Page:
We are a part of the world of plants, by habitat and the resources we exchange. We may think of ourselves only as takers in this relationship, but it doesn't have to be that way - ask any gardener or environmentalist. One day, after harvesting, I asked a tree how the forest can bear humans at all - we cut them down, we use them for toilet paper, we grind them into sawdust as we see fit. The answer came in a wave of clarity, straight to the heart: "We are here to help," it said.

Maybe that's true for all of us - or should be. Following the direction of my herbal mentors, including Rosemary Gladstar, I’ve taken to asking the forest itself to direct me to trees with pitch and lichen to spare; when I relax and wander, appreciating my environment in all its entirety, I often feel an inner directive that leads me to trees that are overflowing with generosity. I’ve learned to take the time to really look at the tree from the bottom up, gauging its willingness to share and thanking it for its bounty. When I touch the bark, feeling it’s life force, I always get the direction I need. Out of respect, I make sure not to take more than I need.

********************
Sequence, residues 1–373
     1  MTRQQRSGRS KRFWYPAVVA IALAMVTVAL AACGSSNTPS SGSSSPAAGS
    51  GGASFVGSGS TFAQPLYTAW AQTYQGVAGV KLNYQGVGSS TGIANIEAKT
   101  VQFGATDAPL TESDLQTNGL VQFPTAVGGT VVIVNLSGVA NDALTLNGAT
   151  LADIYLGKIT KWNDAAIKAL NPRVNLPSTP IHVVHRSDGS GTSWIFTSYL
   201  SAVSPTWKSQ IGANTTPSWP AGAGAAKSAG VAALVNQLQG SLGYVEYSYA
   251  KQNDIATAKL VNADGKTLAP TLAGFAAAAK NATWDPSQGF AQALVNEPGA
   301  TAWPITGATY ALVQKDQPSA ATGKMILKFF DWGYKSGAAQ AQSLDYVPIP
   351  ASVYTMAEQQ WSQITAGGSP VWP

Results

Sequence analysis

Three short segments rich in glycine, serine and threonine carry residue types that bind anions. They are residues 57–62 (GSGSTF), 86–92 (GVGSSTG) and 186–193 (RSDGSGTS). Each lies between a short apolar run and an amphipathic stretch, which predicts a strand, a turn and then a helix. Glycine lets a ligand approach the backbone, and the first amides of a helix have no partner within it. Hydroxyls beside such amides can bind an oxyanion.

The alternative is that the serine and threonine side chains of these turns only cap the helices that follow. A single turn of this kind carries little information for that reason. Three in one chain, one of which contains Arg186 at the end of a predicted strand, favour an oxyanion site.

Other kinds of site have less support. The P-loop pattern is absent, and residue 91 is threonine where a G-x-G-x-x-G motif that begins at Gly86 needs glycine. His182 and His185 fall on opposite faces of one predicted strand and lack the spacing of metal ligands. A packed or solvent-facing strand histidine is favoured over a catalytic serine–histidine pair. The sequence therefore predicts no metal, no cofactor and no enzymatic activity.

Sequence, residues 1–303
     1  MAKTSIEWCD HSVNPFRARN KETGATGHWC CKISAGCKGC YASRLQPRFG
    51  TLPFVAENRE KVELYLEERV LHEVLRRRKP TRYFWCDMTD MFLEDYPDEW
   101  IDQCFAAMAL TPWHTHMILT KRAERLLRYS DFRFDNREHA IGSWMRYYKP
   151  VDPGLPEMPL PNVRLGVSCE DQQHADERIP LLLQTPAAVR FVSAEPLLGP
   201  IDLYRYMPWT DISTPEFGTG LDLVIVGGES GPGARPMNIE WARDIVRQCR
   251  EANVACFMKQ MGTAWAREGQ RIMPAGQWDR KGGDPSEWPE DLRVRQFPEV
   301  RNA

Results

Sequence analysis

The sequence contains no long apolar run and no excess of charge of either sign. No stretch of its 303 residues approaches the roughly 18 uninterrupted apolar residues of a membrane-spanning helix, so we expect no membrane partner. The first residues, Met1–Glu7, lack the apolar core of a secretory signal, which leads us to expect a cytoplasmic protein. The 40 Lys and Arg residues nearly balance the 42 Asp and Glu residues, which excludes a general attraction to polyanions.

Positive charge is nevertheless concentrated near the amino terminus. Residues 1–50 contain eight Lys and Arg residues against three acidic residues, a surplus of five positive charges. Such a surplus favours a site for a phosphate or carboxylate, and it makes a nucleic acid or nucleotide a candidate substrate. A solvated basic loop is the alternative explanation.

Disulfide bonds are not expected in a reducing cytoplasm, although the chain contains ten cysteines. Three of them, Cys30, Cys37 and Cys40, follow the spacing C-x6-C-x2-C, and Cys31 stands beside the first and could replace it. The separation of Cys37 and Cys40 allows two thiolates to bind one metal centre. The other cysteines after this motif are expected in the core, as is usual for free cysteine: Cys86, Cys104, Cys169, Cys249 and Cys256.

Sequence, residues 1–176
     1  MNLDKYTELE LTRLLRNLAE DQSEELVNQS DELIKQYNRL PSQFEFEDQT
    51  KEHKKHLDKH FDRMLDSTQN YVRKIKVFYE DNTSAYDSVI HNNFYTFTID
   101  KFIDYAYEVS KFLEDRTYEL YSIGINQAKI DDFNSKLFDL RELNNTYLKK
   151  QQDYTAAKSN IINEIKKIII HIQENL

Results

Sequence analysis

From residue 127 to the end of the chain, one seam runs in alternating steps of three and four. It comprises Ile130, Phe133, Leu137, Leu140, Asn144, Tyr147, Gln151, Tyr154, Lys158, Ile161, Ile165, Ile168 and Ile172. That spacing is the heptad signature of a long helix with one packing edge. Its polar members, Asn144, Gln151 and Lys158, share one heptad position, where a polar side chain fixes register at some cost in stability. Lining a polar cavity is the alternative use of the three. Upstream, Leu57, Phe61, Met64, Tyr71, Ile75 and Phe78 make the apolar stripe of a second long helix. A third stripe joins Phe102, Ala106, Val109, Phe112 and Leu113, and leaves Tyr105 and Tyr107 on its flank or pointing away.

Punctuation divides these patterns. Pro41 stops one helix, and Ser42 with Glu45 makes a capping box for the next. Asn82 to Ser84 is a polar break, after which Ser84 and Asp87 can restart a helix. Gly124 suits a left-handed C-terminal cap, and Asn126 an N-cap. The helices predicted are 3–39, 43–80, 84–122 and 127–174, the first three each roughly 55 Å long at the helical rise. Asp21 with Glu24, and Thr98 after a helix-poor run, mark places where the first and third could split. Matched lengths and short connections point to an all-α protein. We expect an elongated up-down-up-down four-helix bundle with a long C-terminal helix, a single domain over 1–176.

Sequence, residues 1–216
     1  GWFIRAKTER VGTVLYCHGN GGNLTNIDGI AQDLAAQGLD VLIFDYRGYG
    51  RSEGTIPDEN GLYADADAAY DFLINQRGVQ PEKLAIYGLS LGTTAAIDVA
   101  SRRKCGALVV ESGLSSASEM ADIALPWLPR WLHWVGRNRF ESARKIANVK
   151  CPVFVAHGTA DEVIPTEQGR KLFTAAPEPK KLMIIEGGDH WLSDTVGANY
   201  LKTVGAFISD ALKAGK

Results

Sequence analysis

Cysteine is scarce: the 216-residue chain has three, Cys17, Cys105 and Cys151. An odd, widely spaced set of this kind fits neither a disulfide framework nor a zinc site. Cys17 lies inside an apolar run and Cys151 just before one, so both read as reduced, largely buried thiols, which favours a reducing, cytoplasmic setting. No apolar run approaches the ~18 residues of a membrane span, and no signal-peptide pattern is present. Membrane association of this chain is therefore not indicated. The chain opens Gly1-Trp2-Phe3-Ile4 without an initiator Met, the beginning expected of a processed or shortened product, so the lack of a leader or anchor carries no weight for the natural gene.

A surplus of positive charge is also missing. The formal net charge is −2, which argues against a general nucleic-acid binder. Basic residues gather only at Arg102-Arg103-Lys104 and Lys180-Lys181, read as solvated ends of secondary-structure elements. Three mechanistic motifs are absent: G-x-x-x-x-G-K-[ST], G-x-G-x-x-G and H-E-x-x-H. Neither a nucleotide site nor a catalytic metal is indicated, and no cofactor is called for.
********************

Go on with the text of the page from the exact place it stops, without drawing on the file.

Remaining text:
If you are drawn to plants, maybe it's because they want to share their gifts with you. Entering into that relationship is an experience that is sure to enrich your life and the lives of your loved ones; it will alter the way you view and interact with the world, to the benefit of all. Whether you use Jeb’s method or mine to make your salve, it’s the combination of our experience that has brought this recipe to you; by making and sharing it, you can enter into that symbiosis, and pass it along. Making medicine from plants is an act of love that goes beyond healing the hurts we all encounter. I swear it can even mend a broken heart.






2 16 oz sterilized heat-proof Mason Jars (I like the glass jars that come with Classico spaghetti sauce – they even have measurements on the side.)

Large pot (spaghetti sized) and cookie rack that fits in the bottom of the pot, or use a couple layers of dishcloth. This is to protect your product from getting too hot and/or cracking the jar.



Vitamix or coffee grinder


½ cup dry measuring cup, preferably metal or glass


2 cup glass measuring cup with spout


Sieve that fits your measuring cup


Small basket-style coffee filter to fit your sieve


Cheesecloth or mesh bag


Wide-mouth funnel


Wooden chopstick


Large, thick elastic bands


Canning tongs


Heat-proof thin spatula